I happen to be allergic to bees, hornets and wasps, so my Epipen is an important addition to my bag. I am also hypoglycemic so I carry Lifesavers, which has to be replaced several times throughout the year because they tend to melt.

One item that doesn’t need to be in your golf bag is your cell phone. If you must carry it, turn off the ringer as a courtesy to other players. If you must use it, be aware of others who might be taking a swing or putting their ball. Be considerate!

Having these items in your golf bag should provide everything you will need, even in a minor emergency (like a blister) or a major inconvenience, like a sudden rainstorm. Being prepared makes the game a great deal more fun.

Buying golf equipment can be like dumping money into amoney pit, but armed with some knowledge you can save time and money in selecting the right clubs for yourself. As with most things in life, you can spend alot or you can spend a little several times before youget what you really need.

If you are first starting out and not completely sure you want to commit to this addictive game, you should either rent clubs at the golf course, or buy a starter set of clubs. Buying a set of started clubs enables you to become ccustomed to them; enabling you to concentrate on your swing instead of wondering how this set of miss-matched clubs you just rented are going to work out.

As you become better at the game, you should invest in a better set of clubs, fitted to you. Generally, a set includes a driver, one or two fairway woods, 4-9 irons, a wedge or two and perhaps a putter.

As you become more experienced and start thinking about new clubs, you may want to consider buying your driver separately. Some players want a driver to give them more accuracy; some need the distance.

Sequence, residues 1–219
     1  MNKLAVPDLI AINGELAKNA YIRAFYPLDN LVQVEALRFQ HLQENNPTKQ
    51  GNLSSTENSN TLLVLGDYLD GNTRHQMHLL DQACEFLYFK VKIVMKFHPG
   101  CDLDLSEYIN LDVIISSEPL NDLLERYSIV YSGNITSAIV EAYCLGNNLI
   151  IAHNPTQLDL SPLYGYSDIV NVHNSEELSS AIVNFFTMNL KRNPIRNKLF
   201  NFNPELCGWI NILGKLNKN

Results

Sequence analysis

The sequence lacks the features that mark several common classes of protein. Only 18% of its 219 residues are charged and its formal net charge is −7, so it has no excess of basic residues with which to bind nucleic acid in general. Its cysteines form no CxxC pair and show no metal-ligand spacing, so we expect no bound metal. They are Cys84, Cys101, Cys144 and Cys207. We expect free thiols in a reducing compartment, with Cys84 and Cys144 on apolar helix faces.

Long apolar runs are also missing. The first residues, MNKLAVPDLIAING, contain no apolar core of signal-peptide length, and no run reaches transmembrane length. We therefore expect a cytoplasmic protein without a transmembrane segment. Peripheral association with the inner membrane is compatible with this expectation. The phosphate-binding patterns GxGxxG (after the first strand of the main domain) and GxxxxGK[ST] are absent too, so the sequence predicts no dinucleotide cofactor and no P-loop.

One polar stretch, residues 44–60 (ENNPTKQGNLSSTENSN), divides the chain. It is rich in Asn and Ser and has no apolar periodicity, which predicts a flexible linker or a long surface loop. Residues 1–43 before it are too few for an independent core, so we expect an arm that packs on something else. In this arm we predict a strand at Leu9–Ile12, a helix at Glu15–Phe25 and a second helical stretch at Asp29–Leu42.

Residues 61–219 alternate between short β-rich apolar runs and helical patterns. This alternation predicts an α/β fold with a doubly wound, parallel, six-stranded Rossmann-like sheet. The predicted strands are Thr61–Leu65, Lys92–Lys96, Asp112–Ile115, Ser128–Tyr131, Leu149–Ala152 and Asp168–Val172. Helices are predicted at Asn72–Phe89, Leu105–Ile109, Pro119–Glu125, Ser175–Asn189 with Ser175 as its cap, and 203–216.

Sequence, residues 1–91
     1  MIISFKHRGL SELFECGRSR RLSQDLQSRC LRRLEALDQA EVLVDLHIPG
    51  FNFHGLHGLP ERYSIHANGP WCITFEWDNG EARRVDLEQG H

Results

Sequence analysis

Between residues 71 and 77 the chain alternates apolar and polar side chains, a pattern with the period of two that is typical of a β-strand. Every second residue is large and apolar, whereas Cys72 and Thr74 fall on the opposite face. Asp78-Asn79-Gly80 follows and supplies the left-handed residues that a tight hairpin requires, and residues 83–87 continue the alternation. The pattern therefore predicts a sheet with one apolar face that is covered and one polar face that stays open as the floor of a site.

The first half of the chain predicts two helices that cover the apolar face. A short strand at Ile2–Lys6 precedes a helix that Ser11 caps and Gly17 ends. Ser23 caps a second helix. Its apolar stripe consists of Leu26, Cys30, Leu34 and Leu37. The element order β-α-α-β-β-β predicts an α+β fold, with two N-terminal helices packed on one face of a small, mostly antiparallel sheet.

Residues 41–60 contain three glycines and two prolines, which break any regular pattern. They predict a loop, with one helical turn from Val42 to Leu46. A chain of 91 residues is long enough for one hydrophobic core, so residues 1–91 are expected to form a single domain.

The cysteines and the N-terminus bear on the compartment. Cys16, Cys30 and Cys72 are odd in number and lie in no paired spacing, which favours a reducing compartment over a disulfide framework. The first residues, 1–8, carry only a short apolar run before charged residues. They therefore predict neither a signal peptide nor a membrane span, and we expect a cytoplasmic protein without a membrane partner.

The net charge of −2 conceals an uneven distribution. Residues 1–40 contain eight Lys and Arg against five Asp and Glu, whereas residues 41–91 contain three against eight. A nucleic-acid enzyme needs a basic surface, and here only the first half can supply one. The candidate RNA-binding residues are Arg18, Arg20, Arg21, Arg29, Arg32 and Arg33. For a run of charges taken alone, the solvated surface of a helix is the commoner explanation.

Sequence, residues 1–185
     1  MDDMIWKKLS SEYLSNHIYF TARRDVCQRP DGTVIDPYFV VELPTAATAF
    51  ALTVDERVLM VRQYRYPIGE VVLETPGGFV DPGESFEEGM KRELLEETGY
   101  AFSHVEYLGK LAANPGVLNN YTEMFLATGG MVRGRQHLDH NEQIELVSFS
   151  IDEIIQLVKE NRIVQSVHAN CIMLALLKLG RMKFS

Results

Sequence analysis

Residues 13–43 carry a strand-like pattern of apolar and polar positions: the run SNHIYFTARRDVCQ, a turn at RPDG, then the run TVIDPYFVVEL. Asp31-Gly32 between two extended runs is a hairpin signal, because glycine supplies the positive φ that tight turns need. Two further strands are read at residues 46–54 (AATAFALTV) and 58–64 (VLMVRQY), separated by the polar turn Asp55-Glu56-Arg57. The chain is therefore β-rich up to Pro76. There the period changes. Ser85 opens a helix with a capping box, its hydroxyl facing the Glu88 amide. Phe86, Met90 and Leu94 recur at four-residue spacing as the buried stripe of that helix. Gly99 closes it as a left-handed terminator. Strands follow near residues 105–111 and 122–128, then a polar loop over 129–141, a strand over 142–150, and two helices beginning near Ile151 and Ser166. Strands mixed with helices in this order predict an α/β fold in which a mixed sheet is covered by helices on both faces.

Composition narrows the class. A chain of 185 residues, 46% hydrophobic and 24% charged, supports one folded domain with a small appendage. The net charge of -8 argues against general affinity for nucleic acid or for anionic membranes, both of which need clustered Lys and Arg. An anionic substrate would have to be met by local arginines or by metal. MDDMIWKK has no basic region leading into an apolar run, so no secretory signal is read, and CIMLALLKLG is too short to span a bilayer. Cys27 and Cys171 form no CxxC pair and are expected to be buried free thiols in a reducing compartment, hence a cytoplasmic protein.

There are numerous balls available and the box will usually have a chart on the back and direct you to the right ball for your needs. As you learn the game and get better at it, you should experiment with different balls which could improve your accuracy or distance.

Having the right equipment is an important aspect of the game; buy wisely!

I was perusing Golf for Women the other day and wondered where are the women who wear the golf attire modeled in women’s golf magazines? I’ve never seen women, professionals included, who would dress in such expensive and outrageous clothes!

It’s easy to spend money outfitting yourself for golf. Hats, sunglasses, gloves, shirts, shorts, socks, windbreakers and shoes all add up quickly, even if you shop the sales. Add in equipment, bag and cart and you have to play quite often to keep down the “CPU” – cost per use.

One glossy advertisement showed a model in short shorts (like that’s allowed on courses!) that cost $275, the Tse golf shirt ($595), jacket by Ralph Lauren ($185) and two-toned Utuser shoes ($425). That comes up to $1480; I could never hope to get the CPU on that outfit anywhere near a normal level in my lifetime! Don’t get me wrong; I love clothes. I really love shoes, but could never afford, or want, golf shoes that cost more than the national budget of some small countries.

Granted, you want comfortable shoes that don’t look like something your grandmother would wear, but you can easily find less expensive and fashionable shoes.

I have several really stylish golf outfits, none of them brand name. If I totaled the cost of all of them up it would not come up to the price of the Tse golf shirt. Personally, I’d rather have several stylish outfits and one outrageously priced one.

If I were to wear a $1480 outfit to play golf, I would simply be too worried about getting dirty or perspiring to play a decent round.

Golf is a dignified game of rules,  manners, etiquette and fashion as well. it’s important to know the basics before you play for the first time.

Whether you are playing alone, in a twosome or a foursome, you must wait your turn. You must keep aware of the group on the next hole and wait until they are well ahead of you before hitting your ball.